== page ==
That's shown by the growth of the ``international mutual funds'' -- those funds buying securities entirely outside the US. (``Global funds'' buy securities both in the US and elsewhere.) The total assets of the 17 international funds followed by Lipper Analytical Services grew from $608 million at the end of 1983 to $1.09 billion at the end of 1984, partly because of higher prices, partly because of new money.

Besides individual investors, some institutional investors such as pension or trust funds are putting a portion of their portfolios abroad.

``It has become respectable,'' Dobson notes. ``International is no longer a hard selling job. It was like selling Mars or Venus just five years ago.''

Investors these days put money not only into stocks in London or Frankfurt, but in Singapore or Seoul, places once considered exotic.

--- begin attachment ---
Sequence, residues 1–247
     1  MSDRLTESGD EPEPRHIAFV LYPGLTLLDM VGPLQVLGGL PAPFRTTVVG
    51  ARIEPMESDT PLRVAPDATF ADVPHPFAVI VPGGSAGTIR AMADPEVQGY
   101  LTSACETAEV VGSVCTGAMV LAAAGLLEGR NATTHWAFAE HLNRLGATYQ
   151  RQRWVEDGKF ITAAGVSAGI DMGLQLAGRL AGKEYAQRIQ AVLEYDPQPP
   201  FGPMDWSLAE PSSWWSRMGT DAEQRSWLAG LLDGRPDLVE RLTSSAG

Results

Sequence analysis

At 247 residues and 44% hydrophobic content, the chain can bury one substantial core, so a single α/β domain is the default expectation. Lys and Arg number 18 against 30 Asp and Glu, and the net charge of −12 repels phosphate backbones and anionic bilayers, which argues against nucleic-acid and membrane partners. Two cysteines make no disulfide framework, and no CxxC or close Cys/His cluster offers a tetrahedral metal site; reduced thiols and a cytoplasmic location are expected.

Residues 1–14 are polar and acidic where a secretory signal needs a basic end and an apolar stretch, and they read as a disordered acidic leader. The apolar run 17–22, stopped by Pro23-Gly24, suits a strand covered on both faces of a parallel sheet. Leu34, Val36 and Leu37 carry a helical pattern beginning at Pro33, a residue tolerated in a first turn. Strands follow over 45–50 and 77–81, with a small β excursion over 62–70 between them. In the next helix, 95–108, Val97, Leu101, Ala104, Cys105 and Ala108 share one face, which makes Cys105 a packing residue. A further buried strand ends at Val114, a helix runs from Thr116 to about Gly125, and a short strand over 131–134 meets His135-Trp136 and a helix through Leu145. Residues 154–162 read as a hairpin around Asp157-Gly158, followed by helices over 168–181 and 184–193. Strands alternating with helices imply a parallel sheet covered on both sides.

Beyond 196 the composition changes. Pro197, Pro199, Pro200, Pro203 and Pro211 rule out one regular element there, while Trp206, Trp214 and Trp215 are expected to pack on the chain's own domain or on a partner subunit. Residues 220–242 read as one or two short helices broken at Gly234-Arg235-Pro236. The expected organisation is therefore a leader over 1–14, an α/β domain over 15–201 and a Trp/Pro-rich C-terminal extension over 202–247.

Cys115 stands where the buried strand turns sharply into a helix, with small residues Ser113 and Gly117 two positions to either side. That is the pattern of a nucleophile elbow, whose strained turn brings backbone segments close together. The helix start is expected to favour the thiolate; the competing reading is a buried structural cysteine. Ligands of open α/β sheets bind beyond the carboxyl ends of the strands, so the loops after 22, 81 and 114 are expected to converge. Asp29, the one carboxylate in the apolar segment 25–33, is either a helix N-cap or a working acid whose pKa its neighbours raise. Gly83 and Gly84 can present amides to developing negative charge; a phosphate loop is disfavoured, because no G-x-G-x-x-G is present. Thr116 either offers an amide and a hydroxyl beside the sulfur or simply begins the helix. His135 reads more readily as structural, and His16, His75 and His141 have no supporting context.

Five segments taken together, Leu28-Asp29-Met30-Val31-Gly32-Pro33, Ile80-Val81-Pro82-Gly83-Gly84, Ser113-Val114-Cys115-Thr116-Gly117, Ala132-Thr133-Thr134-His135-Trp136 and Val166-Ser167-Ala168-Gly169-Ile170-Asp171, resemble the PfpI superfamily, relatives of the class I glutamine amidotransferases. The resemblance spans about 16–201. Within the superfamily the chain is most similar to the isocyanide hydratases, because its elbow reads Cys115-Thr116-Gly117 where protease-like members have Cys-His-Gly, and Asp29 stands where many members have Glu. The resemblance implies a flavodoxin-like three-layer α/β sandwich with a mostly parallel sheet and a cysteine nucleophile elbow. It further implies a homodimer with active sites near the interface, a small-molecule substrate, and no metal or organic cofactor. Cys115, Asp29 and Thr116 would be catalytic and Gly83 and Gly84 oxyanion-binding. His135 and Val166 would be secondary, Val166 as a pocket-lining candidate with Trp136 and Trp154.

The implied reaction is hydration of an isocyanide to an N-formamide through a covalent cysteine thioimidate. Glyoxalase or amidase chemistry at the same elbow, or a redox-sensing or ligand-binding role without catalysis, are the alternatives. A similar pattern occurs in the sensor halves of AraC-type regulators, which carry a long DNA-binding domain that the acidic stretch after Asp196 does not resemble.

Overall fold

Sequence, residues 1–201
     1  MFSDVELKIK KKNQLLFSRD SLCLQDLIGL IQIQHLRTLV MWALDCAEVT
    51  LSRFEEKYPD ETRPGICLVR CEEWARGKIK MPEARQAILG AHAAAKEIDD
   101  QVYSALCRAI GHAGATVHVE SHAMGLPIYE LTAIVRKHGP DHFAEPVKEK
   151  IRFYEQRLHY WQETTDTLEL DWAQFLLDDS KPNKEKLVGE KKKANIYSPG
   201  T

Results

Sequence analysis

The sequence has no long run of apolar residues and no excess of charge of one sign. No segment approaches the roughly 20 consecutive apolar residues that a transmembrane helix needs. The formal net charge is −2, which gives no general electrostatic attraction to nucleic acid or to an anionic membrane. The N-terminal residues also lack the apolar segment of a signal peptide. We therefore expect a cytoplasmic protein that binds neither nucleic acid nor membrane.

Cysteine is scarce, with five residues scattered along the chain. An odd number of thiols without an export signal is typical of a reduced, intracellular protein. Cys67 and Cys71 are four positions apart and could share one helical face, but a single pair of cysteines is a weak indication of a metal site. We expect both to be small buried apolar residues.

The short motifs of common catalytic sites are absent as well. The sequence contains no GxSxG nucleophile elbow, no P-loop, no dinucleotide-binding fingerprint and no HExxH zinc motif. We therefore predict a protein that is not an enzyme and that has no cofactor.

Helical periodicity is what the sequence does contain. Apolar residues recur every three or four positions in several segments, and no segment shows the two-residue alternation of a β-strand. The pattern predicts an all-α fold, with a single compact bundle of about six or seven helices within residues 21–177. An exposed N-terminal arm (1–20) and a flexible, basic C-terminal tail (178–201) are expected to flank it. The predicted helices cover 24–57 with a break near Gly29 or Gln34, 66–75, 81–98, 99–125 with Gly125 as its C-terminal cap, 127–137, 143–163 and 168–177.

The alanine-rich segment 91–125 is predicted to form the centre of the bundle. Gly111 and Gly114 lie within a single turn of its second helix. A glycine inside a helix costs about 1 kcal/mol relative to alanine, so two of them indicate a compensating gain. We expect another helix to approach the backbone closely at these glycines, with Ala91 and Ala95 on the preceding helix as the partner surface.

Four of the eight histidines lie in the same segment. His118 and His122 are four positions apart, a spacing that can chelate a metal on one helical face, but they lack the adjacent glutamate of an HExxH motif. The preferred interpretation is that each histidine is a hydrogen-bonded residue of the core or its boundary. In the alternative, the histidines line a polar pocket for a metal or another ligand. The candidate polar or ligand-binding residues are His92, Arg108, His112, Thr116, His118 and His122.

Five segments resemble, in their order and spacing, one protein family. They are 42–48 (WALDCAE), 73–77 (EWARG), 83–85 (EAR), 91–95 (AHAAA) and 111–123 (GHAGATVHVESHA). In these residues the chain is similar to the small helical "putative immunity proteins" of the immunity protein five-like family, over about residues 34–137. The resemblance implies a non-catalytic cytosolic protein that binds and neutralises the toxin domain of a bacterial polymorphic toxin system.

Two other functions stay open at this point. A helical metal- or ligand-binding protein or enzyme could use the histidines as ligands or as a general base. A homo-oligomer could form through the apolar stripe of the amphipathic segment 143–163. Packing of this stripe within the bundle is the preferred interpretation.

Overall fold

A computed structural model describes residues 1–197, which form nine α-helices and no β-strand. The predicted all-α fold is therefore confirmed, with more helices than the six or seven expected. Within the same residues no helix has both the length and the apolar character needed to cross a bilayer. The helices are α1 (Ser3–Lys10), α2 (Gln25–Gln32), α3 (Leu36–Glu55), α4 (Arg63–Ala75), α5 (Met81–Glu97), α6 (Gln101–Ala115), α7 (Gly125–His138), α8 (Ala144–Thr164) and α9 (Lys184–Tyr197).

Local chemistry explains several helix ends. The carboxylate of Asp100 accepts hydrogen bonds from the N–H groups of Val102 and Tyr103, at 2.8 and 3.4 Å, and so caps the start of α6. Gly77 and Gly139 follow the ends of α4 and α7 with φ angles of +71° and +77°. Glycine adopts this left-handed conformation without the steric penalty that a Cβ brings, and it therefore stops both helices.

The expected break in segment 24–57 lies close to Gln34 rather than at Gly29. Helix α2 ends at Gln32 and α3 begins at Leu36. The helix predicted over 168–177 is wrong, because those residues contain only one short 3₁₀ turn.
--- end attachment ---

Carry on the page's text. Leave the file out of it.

Adds Mr. Testa of T. Rowe Price International: ``There has been a very steady growth in interest.'' One reason for this, he says, could be coverage of the international funds by the financial press.

Another beneficiary of the international trend is Intervest Corporation, an investment management firm with offices in Boston, Montreal, and Geneva. President Hans Black says interest in international business and finance picked up after the 1973-74 oil crisis. That crisis may have told investors that the US economy is very much tied into the world economy nowadays.

Whatever the case, with more than $100 million in assets -- about half from institutions and half from high-income individuals -- Intervest has been doing ``satisfactorily,'' Mr. Black says with typical Swiss reticence. He adds that the trend toward international investment ``is far away from mature.''